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Military, law enforcement dogs from Front Royal saluted

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British movie star Greer Garson, center, who was popular during World War II, visits the Front Royal K-9 Company. The military established its first training center for dogs off of U.S. 522 in Front Royal in August 1942, and it survives today in the form of a training center for dogs operated by the U.S. Department of Homeland Security. A Virginia lawmaker wants the state to designate March 13 as K-9 Veterans Day. Courtesy photo, Warren Heritage Society

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Handlers work with military dogs in Front Royal during World War II. Courtesy photo, Warren Heritage Society


By Joe Beck

His name was Chips, a German Shepherd trained at Front Royal whose long forgotten heroism on a World War II battlefield appears on its way to being memorialized in an unlikely place: the Virginia General Assembly.

Amid hard feelings over transportation funding, legislative redistricting and voter identification laws, a resolution saluting Chips and other dogs trained for military duties has breezed through the House of Delegates, 96-0, and is now working its way through the Senate.

The resolution calls for designating March 13 and the same day every year thereafter as K-9 Veterans Day in Virginia in honor of Chips and 15 quartermaster dog platoons that served in Europe and the Pacific during World War II.

The military established its first training center for the dogs off of U.S. 522 in Front Royal in August 1942, and it survives today in the form of a training center for dogs operated by the U.S. Department of Homeland Security.

Patrick Farris, executive director of the Warren Heritage Society, described the current training grounds as much smaller than the original 5,000-acre site.

The site's role as a military training center for animals was already well established by the time World War II broke out, Farris said. It opened as the Front Royal Remount Depot in 1913 for training horses and mules, according to Farris. It was also used to conduct experiments to improve veterinary medicines for horses and mules, he added.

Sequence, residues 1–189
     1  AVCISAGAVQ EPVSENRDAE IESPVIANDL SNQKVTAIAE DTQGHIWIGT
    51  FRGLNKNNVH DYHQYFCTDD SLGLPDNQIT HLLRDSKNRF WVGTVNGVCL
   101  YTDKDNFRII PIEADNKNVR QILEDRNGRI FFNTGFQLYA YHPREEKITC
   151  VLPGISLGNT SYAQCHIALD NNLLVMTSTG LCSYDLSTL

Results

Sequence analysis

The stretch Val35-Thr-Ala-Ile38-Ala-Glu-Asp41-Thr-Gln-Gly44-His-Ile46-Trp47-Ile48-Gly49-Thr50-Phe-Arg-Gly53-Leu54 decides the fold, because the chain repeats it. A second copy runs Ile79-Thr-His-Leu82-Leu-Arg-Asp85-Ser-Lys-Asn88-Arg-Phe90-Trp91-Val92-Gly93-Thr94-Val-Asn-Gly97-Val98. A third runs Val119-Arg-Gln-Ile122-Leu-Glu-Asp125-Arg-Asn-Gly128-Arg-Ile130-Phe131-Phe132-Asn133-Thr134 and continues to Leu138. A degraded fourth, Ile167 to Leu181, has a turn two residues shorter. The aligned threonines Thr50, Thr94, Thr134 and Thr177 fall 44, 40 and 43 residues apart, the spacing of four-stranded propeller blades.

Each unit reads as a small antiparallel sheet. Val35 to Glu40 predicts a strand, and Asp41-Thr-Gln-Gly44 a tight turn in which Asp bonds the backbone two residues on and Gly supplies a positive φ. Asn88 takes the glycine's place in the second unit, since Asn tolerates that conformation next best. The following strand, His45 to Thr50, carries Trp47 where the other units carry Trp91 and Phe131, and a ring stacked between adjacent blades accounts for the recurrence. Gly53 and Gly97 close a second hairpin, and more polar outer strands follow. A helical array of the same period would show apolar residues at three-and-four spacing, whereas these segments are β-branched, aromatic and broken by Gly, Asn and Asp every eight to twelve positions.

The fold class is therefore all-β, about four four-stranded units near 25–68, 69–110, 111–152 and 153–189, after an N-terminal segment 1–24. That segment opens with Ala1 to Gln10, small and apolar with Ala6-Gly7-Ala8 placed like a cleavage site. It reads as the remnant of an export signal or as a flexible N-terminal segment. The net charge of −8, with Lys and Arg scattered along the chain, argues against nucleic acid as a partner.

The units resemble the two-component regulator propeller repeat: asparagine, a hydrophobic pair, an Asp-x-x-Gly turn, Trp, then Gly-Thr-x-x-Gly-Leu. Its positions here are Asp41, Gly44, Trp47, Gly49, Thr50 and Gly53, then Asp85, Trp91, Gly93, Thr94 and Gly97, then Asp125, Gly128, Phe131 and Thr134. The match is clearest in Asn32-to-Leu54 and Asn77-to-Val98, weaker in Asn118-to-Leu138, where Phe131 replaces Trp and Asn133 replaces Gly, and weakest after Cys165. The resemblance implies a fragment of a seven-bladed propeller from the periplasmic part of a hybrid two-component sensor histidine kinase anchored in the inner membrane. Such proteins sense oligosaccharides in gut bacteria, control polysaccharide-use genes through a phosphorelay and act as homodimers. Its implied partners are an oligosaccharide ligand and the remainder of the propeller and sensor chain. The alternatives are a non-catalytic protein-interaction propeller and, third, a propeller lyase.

Farris said one dog that ran away from the training base during World War II was later spotted in Front Royal and was joked about as a draft dodger by residents of the day.

"There are recorded anecdotes in town of people being not just aware of the dog training program, but being highly aware of and approving of the people training there," Farris said.

Greer Garson, a British movie star with a big box office during World War II, visited the dogs and their trainers during a stop in Front Royal.

The site closed after World War II, but much of it was revived in the 1970s as a research zoo for the Smithsonian Institute.

"In essence, the Remount base never closed," Farris said. "It's still open today, but it's much smaller and trains dogs instead of horses."

Del. John A. Cox, R-Ashland, is the chief legislative sponsor of the K-9 Veterans Day resolution. Buddy Fowler, his legislative aide, said much of the historical information in the resolution came from a dog search and rescue group in Hanover, part of the area Cox represents.

Part of the resolution describes Chips as one of the war's most famous dogs and the savior of countless lives. The resolution states he earned his acclaim by attacking an enemy machine gun emplacement "and, despite being shot, continued to attack the enemy, forcing the entire crew to surrender."

The resolution also commends modern day dogs that work with the military and law enforcement agencies such as the Secret Service, Border Patrol and local police departments.

Fowler said he expected the resolution to win easy approval.

"We haven't had any opposition yet," Fowler said. "These things, everybody kind of supports it. Nobody's going to vote against dogs unless it's a pronoun for a bad bill."

Contact staff writer Joe Beck at 540-465-5137 ext. 142, or jbeck@nvdaily.com


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